Antique Chinese Imperial Guardian Foo dogs - Lion. Dogs of Foo are guardian animals that originated in China and can be traced back to the Han Dynasty (206 BCE-211 CE). These lion-like creatures were often placed at the entrances of palaces, temples, and homes to guard and protect. Chinese Guardian Lions or Imperial Guardian Lions are often called the Fu Dogs, and are placed inside or outside buildings to block negative energies.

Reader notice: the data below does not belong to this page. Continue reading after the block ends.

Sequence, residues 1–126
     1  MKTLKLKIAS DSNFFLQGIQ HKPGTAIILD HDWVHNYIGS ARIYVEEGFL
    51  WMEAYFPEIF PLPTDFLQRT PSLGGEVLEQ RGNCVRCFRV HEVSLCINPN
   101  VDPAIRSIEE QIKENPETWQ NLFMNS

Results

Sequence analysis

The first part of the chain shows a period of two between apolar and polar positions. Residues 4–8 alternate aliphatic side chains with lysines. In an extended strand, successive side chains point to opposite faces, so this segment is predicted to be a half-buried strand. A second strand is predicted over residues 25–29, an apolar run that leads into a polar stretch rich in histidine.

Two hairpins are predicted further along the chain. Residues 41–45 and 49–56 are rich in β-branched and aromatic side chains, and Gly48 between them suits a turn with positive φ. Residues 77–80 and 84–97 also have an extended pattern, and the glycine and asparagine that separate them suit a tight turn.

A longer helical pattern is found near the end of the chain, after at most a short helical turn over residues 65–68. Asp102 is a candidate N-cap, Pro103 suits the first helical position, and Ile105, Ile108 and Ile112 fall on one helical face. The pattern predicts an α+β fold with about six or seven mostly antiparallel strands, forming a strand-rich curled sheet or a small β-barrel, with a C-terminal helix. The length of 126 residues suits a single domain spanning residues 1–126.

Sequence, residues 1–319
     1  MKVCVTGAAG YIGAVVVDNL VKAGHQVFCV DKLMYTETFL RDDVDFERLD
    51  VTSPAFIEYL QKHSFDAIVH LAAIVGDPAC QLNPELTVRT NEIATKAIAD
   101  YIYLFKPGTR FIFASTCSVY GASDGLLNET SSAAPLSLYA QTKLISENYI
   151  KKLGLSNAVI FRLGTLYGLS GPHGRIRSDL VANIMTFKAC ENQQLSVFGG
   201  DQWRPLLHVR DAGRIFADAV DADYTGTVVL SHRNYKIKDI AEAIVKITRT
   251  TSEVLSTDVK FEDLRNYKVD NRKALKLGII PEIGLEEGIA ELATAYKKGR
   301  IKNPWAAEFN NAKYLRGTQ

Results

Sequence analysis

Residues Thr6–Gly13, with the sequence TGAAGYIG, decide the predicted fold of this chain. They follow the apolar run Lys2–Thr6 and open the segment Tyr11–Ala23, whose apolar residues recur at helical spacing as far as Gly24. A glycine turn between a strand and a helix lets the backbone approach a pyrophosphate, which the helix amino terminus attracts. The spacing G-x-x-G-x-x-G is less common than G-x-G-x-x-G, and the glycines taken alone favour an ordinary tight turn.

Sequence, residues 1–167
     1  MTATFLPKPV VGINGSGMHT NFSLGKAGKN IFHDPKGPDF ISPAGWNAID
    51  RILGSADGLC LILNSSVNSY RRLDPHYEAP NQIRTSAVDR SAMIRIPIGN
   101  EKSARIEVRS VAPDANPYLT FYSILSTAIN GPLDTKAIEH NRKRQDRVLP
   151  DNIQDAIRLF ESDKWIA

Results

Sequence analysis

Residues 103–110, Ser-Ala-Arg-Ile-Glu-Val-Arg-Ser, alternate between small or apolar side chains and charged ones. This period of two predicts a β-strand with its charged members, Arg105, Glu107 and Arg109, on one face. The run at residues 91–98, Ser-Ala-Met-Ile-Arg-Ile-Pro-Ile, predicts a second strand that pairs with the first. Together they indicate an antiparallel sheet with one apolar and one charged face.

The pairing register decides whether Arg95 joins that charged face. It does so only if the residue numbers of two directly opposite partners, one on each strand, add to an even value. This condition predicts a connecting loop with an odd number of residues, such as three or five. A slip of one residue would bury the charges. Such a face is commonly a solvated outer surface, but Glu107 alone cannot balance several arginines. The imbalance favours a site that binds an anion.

Foo Dogs are believed as the civilian door gods. They are placed in a pair to provide ultimate protection, guard against evil spirits and harmful people, nourishes chi that enters homes, bring in happy blessings.Their protective powers are deemed symbolic rather than actual and they are said to keep the bad chi away. The female represents yin, and symbolically protects the people dwelling inside the home, while the male statue, representing yang, protects the structure itself. They're actually descended from Chinese lions, which are known as shi and considered the king of all beasts. "Foo dog" is just what westerners started calling them when they first encountered statues of the lions in Japan, where they are referred to as komainu. The Chinese Foo Dog is thought to be a mix between the ancient Chow Chow and European hunting dogs, or a link between the Chinese Wolf and the Chow. It is an ancient breed, possibly named after the Chinese city of Fuzhou (Foochow). The Standard Chinese Foo Dog was originally bred to guard Buddhist temples.